October 17, 2017

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Project management advice, tips, tools and recommended resources for existing and aspiring project managers.

A Guide to Conducting Project Closure Surveys

By Jane Sandwood

After wrapping up a project, it’s important to gain feedback from workers and stakeholders in order to improve business practices and help future projects to run smoothly.

survey as a PM toolSurveys are a valuable tool that project managers can use to collect feedback from team members who might otherwise not give their input. In addition to comments and ideas, surveys allow you to easily capture project closure metrics such as stakeholder satisfaction and employee engagement.

At the end of a big project, a closure survey can help companies to learn how all parties involved feel about the success of the plan and offer suggestions on how to improve. When conducting a project closure survey, it’s important to keep in mind both your audience and your end goal.

Who to Target

A project closure survey should gather information from all parties involved to gain the most valuable insight into the minds of employees and stakeholders alike. Managers should ensure that the survey reaches not only their team members but also anyone involved with the project and those who were impacted by the project, such as investors and key end-users.

With a large sample pool, it can sometimes be difficult to analyze and interpret the vast amounts of survey data collected. By breaking information into demographic categories, such as management versus team members, companies can address interdepartmental differences in opinion.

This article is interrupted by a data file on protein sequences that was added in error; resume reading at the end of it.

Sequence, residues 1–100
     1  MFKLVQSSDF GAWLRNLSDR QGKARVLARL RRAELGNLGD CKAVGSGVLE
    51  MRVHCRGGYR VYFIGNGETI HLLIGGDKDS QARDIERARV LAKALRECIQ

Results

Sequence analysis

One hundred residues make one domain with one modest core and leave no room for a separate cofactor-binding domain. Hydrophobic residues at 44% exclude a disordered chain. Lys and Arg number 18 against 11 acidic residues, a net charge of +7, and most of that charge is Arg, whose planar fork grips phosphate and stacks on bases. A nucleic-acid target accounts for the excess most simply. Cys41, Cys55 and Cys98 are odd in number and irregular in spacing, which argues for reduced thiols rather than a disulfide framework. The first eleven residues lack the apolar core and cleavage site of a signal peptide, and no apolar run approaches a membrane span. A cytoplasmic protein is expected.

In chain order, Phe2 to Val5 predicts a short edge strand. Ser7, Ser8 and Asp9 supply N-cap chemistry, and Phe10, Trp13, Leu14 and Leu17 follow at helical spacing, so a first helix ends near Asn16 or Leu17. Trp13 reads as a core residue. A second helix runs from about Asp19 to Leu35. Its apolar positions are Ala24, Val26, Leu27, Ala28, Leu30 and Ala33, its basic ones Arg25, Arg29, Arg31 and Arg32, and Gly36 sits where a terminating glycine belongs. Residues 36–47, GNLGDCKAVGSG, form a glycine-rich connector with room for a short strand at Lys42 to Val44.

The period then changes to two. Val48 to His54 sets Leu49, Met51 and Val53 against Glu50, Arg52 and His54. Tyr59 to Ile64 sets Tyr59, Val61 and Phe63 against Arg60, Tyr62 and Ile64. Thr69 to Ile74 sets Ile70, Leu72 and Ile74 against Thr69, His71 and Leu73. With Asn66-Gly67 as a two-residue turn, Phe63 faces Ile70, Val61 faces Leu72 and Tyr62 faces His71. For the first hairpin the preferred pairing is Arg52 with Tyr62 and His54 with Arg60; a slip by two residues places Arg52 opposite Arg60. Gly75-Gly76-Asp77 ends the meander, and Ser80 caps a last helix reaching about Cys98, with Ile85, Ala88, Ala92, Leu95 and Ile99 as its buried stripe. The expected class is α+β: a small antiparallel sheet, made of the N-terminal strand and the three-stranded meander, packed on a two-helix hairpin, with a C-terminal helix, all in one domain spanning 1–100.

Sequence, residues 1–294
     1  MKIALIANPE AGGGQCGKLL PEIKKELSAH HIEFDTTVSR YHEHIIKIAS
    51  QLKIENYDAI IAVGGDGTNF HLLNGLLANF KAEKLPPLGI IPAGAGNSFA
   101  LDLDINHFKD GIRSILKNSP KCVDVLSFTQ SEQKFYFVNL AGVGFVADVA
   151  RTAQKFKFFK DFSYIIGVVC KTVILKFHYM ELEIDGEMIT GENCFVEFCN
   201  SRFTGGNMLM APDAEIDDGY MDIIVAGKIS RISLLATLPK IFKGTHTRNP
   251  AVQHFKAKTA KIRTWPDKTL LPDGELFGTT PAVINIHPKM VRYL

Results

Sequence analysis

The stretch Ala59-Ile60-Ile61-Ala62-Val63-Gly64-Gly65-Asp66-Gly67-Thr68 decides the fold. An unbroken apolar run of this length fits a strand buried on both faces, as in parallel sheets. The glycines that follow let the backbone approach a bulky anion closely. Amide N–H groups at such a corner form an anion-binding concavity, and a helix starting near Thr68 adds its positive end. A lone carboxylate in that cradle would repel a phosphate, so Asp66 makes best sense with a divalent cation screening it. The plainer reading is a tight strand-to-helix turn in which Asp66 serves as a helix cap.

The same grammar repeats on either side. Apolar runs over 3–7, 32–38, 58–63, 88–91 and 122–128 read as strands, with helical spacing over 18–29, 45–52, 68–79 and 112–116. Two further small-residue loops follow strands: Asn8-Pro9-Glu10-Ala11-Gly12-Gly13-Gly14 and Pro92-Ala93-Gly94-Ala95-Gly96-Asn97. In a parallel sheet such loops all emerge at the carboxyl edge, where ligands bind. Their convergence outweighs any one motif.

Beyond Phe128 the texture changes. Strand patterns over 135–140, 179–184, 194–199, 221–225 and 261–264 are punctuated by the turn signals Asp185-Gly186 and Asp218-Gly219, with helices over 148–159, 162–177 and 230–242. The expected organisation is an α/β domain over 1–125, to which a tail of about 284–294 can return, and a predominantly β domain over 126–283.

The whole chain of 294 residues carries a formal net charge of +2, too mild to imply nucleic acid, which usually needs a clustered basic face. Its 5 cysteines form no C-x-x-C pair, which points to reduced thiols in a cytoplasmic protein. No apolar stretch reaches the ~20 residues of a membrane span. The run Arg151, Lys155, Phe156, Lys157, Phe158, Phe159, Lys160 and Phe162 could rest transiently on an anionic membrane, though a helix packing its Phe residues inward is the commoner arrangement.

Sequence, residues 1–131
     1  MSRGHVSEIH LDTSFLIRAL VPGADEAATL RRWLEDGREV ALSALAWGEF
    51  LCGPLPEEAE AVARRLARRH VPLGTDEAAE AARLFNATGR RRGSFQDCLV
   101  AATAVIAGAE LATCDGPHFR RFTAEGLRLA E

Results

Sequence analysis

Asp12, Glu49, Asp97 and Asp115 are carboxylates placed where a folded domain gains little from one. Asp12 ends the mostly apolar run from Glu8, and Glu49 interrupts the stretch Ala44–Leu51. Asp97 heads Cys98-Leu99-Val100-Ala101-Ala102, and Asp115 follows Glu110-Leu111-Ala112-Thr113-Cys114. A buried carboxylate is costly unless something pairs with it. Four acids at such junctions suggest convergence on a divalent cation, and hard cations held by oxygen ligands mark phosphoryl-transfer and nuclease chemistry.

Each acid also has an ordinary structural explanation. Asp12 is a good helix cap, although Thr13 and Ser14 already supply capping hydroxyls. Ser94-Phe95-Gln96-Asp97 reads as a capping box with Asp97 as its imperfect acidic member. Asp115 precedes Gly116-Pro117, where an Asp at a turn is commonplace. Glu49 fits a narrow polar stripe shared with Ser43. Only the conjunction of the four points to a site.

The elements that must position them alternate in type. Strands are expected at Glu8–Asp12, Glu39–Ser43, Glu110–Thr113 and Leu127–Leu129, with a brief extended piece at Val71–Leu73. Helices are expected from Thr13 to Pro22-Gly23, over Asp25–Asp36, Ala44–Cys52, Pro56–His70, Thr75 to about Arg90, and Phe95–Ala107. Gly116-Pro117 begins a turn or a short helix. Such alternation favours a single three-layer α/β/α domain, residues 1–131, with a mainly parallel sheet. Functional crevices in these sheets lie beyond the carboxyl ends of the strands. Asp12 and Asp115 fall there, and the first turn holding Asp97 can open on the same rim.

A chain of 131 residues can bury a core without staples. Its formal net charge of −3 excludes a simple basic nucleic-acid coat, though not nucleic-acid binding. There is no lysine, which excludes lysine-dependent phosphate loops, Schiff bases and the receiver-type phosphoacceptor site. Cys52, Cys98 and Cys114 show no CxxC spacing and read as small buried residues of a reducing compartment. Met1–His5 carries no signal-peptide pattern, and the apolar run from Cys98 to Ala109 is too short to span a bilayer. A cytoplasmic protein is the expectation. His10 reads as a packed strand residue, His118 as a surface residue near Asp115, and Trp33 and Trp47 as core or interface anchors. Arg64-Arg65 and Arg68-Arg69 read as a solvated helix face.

What to Include

Surveys make it easy for employees to express themselves by giving structure and organization to their feedback. Questions can pinpoint common themes and ideas regarding a recent project, and data can be easily be organized by using a five-star rating system. A good survey should include space for comments after each question as well so that people can expound upon their answers if they want to, or provide additional feedback.

In order to find out if the results of a project have met everyone’s expectations, there are several important topics a survey should cover. A project closure survey should generate information by asking questions about issues such as:

  • Has the project met the expected results?
  • Did team members feel that the parameters of the project were well defined?
  • Did the project team communicate effectively?
  • Were the right tools and processes used to complete the project?
  • Why or why didn’t everything go according to plan?
  • How successful was the project overall?

 

Every employee’s time is valuable, so a good survey shouldn’t be too long or complicated. There should be a limited number of questions, and the wording should be kept relatively simple. The language of a question can influence results, so to get accurate data, companies should be careful about how each question in a survey is asked. Businesses can customize existing online surveys, or hire an expert to help them create the ideal project closure survey for their team.

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